“My freshman year, the team won the college’s first PAC title in baseball,” Aigner said. “But the baseball program was definitely not to the level it is now, nowhere close.

“No question, when I was at W&J, the baseball program wasn’t to the caliber of the football program. It wasn’t on the radar. But Coach (Mountain) has built it into a power. Now, the baseball program is gold standard.”

Perspiration, preparation

By all accounts, Mountain is tireless in his pursuit of information on opponents, and finds ways to be more effective and efficient in search of any edge that can help W&J win and be better.

His scouting reports are thorough and helpful. The information he brings to the program and games leads to better play and victories.

Tony Pascarella is an assistant coach for W&J after a long career as an administrator at Elizabeth Forward High School. He met Mountain on a recruiting trip with Pascarella’s son, Neil, who enjoyed a fine career with the Presidents.

Pascarella, who since retired as a school administrator, joined the staff after his son’s career was over.

“Jeff was organized and no nonsense,” Pascarella said. “He was thorough and accommodating, just a nice guy to talk with.

“He didn’t promise my son anything and I liked that. He looked him in the eyes. He gives his players the opportunity to prove themselves. He is sincere and solid.”

Pascarella said Mountain maintains that same persona today. But he has changed with the times and after having children of his own.

“Jeff holds them accountable,” Pascarella said. “He is tough and he expects them to be focused and to work hard each practice. He understands what kids go through. Having his own kids, has made him a different coach in some ways. He still has the same expectations of them.”

Scott McGuinness, W&J’s athletic director, marvels at Mountain’s hold on the program and his players. He added that the coach’s competitive nature is unmatched.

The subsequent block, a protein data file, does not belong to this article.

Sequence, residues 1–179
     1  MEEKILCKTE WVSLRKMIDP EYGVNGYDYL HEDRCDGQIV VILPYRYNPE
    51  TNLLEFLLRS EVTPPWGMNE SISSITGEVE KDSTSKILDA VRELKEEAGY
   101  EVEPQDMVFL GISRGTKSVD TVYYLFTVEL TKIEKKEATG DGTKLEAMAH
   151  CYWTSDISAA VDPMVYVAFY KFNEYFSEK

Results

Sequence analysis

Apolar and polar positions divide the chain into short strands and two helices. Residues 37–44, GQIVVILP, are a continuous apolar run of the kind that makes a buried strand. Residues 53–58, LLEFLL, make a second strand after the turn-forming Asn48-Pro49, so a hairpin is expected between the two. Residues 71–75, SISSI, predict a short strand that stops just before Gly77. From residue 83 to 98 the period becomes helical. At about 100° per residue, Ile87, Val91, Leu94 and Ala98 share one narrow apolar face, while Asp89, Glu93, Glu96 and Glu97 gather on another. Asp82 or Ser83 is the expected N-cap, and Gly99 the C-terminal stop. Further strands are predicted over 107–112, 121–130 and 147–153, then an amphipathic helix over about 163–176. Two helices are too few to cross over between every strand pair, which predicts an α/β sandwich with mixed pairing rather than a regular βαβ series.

“I have never been around anyone my entire life that reaches the level of competitiveness of Jeff’s,” McGuinness said. “He will find an edge for his players and when he presents it to them, they believe it. He could walk into an MLB clubhouse right now and make a contribution.

“Jeff works so hard. He works to the core to give his guys an advantage. They appreciate it. Every coach evolves. He is different. He knows what today’s student-athletes deal with.

“After nearly two decades, everyone is realizing what he has done. I appreciate it,” he continued. “He’s a fantastic coach and person.”

Sean King is the assistant athletic director for communications and media relations for Allegheny, and former Sports Information Director at W&J. He witnessed Mountain’s transformation firsthand.

Said King: “Jeff Mountain is one of the best coaches in the country. Period. What he has done with that program, having taken it from essentially a doormat to a legit national contender regularly is amazing.

“He does it the right way. (He) wins with high-academic, high-character kids. His teams are routinely led by upperclassmen who buy in and develop into leaders. It’s everything we routinely preach in Division III. You can tell the amount of respect he carries by the volume of players, parents, etc. that stay involved in the program after their careers are over. He’s a winner who brings out the best in those around him.”

Family matters

Mountain credits his wife Gretchen, daughter Claire, and son, Bryce for changing him for the better and allowing him to drive the W&J program as he sees fit.

“The best things that ever happened to me is getting married and having kids,” Mountain said. “They are all understanding. It can be a challenge, with both of us working and the kids in school. I do not take my opportunity for granted. I am truly blessed with a great wife and children.”

His W&J baseball family grows with each passing season as well. In many cases, the support and attention from outside the program swells.

“One of the most satisfying things for me as a coach is to see these men go on, remain friends, be part of one another’s lives after W&J,” he said. “They are in one another’s weddings. They text me, call me and stay in touch with the program. To think W&J baseball had a piece in them staying together and having lifetime friendships is gratifying.”

Mark Thomchick plated for Mountain from 2007-2010. He coached under him. Thomchik answered the call last weekend to serve as an assistant coach as two of Mountain’s assistants had to miss the Super Regional at Misericordia for personal reasons.

Thomchik was eager to assist.

“It was an awesome experience to be able to help,” Thomchik said. “We all have a connection that just endures. Jeff concerns himself with the program and the players.

“He doesn’t care about personal glory. He likes the background. He finds a way to make it good for his players. He is one of the best coaches in the country, regardless of division. When W&J baseball is playing, a lot of alumni does what they have to do to watch on the computer or find out what is going on. The following and the loyalty is there.

“He has brought great pride and interest to W&J baseball.”